Coral Reefs and the Global Network of Marine Protected Areas

  title={Coral Reefs and the Global Network of Marine Protected Areas},
  author={Camilo Mora and Serge Andr{\'e}fou{\"e}t and Mark John Costello and Christine Kranenburg and Audrey Rollo and John E. N. Veron and Kevin J. Gaston and Ransom A. Myers},
  pages={1750 - 1751}
Existing marine reserves are largely ineffective and as a whole remain insufficient for the protection of coral reef diversity. 

Topics from this paper

Coral Reef Habitats and Fish Connectivity : Implications for coastal management and fishery
Coral reefs have one of the highest levels of biodiversity of all ecosystems in the world and are important for both human livelihood and food security throughout many tropical countries. However, ...
Habitat Complexity: Coral Structural Loss Leads to Fisheries Declines
  • N. Graham
  • Medicine, Biology
  • Current Biology
  • 2014
Direct human impacts and global climate change are altering the composition and structure of coral reef habitats. These changes are simplifying size-abundance relationships of reef fish communities,Expand
Global Human Footprint on the Linkage between Biodiversity and Ecosystem Functioning in Reef Fishes
A global survey of reef fishes shows that the consequences of biodiversity loss are greater than previously anticipated as ecosystem functioning remained unsaturated with the addition of new species.Expand
Best practices for improved governance of coral reef marine protected areas
Coral reef marine protected areas (MPA) are widely distributed around the globe for social and ecological reasons. Relatively few of these MPAs are well managed. This review examines the governanceExpand
Empirical and mechanistic approaches to understanding and projecting change in coastal marine communities
Effects of changing temperatures on coral reef health: implications for management
52 Introduction 53 Using remote sensing data to explore the climate warming disease outbreak hypothesis 56 Case study on the Great Barrier Reef 59 Future research directions 69 Conclusions 70
Stemming Decline of the Coastal Ocean: Rethinking Environmental Management
A Policy Brief from the United Nations University, International Network on Water, Environment and Health
Exploring ‘knowns’ and ‘unknowns’ in tropical seascape connectivity with insights from East African coral reefs
Applying a broader landscape perspective to understand spatio-temporal changes in local populations and communities has been increasingly used in terrestrial systems to study effects of human impacExpand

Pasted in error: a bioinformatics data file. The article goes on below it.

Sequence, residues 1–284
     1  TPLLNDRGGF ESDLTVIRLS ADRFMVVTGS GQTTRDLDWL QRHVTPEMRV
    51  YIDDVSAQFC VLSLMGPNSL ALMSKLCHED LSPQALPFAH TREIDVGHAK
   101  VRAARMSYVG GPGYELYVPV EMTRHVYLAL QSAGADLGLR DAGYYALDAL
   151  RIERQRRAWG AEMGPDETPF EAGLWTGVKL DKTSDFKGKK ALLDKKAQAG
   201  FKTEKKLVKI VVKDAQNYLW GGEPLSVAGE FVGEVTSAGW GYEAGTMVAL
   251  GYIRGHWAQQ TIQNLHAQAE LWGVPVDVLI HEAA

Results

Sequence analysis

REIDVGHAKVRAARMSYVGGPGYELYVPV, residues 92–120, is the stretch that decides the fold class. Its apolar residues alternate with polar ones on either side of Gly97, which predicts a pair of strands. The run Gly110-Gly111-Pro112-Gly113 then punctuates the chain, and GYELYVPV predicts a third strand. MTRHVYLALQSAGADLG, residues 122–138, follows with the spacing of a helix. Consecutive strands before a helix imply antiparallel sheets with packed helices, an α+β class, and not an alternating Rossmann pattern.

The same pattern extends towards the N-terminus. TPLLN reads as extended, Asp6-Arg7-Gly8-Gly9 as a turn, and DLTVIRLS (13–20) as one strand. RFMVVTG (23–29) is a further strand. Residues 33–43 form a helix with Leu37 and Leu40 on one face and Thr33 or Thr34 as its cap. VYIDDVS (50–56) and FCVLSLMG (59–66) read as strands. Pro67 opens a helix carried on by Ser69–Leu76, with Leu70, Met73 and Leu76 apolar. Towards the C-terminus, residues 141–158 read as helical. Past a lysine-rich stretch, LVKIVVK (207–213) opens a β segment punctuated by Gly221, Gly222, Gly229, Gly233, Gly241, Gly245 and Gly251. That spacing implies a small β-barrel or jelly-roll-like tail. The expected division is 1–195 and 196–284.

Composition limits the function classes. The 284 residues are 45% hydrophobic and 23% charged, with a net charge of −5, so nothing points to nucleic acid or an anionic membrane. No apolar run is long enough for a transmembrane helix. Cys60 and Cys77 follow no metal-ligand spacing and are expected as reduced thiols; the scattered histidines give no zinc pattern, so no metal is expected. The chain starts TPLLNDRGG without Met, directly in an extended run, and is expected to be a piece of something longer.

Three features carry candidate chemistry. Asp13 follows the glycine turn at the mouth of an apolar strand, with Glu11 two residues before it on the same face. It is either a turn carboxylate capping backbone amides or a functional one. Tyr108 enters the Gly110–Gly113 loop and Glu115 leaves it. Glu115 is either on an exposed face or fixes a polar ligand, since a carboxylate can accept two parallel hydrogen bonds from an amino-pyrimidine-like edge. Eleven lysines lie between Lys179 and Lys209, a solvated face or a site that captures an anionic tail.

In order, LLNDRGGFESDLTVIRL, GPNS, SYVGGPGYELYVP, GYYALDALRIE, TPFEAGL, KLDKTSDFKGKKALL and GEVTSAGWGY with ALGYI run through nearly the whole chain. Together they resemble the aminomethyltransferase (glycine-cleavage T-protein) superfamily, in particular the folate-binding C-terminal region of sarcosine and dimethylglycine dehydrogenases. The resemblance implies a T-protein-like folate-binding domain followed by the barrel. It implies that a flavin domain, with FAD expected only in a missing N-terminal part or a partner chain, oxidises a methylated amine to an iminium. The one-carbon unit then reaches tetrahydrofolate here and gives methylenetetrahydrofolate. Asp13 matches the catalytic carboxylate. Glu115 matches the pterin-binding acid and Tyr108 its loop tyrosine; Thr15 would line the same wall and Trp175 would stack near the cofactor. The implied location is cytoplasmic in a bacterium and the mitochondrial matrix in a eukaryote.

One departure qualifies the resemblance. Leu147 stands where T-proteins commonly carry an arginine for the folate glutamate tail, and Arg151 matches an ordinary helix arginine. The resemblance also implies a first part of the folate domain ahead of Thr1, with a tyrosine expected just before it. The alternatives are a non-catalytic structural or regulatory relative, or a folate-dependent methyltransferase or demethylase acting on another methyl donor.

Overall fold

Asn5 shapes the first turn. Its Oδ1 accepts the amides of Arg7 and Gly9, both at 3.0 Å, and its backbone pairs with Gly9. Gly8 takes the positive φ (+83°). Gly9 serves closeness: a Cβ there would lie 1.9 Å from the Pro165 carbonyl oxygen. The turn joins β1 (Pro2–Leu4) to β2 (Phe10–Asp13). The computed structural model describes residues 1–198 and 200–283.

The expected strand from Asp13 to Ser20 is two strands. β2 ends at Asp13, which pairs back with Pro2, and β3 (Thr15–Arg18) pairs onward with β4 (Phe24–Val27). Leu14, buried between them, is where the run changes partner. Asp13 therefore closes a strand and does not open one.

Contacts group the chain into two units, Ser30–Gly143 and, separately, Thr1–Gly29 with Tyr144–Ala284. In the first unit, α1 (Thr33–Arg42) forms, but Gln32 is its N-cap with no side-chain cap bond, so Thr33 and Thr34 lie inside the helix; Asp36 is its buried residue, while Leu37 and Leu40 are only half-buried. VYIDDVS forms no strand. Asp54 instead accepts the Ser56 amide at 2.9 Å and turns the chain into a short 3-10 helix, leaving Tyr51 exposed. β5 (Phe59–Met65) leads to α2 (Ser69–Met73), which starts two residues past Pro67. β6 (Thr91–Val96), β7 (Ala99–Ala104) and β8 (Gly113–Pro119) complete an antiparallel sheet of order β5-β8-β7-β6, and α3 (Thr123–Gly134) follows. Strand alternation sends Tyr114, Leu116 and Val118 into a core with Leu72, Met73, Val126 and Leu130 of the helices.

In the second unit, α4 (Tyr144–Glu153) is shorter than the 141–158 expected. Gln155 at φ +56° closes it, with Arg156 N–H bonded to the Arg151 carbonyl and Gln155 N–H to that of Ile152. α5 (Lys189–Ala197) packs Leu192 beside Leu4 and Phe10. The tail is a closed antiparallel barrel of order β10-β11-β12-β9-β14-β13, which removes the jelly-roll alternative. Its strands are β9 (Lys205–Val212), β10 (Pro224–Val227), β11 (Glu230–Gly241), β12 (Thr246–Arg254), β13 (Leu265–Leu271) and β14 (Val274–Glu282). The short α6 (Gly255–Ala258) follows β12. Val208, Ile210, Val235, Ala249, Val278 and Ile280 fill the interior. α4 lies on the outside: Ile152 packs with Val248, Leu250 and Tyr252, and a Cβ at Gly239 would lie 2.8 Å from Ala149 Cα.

Marine Protected Areas: Static Boundaries in a Changing World
Marine protected areas (MPAs) have been identified as one of the most effective tools for conserving marine ecosystems. While the ecological benefits of MPAs are well established, less emphasis hasExpand


Confronting the coral reef crisis
The ecological roles of critical functional groups (for both corals and reef fishes) that are fundamental to understanding resilience and avoiding phase shifts from coral dominance to less desirable, degraded ecosystems are reviewed. Expand
Are populations of coral reef fish open or closed
At present, the extent to which reef fish populations are open or closed must be regarded as unknown and further improved research is likely to confirm that larval dispersal structures populations into more or less open populations depending on the particular attributes of species, physical oceanographical systems in which they occur and the scale at which the question is posed. Expand
Reefs at Risk in the Caribbean
Coral reefs are an integral part of the Caribbean fabric, threading along thousands of kilometers of coastline. Teeming with fish and invertebrate life, these ecosystems provide food for millionsExpand
Critical science gaps impede use of no-take fishery reserves.
The science is reviewed, the most crucial gaps are identified, and ways to fill them are suggested so that a promising management tool can help meet the growing challenges faced by coastal marine fisheries. Expand
MARINE RESERVES AND OCEAN NEIGHBORHOODS: The Spatial Scale of Marine Populations and Their Management
▪ Abstract The movement of individuals defines a spatial neighborhood that can help determine marine management strategies. Here, I briefly review four fields of marine biology that eachExpand
Effectiveness of the global protected area network in representing species diversity
It is shown that the global network of protected areas is far from complete, and the inadequacy of uniform—that is, ‘one size fits all’—conservation targets is demonstrated, in the first global gap analysis assessing the effectiveness ofprotected areas in representing species diversity. Expand
Measuring the extent and effectiveness of protected areas as an indicator for meeting global biodiversity targets
The role of the World Database on Protected Areas and collection and quality control issues are discussed, and areas for improvement are identified, including how conservation effectiveness indicators may be included in the database to improve the value of protected areas data as an indicator for meeting global biodiversity targets. Expand
Implications of fish home range size and relocation for marine reserve function
Reserves are being used increasingly to conserve fish communities and populations under threat from overfishing, but little consideration has been given to how fish behavior might affect reserveExpand
Geographic Information Systems advice
  • 2006
Status of Coral Reef of the World (Australian Institute of Marine Science, Townsville
  • 2004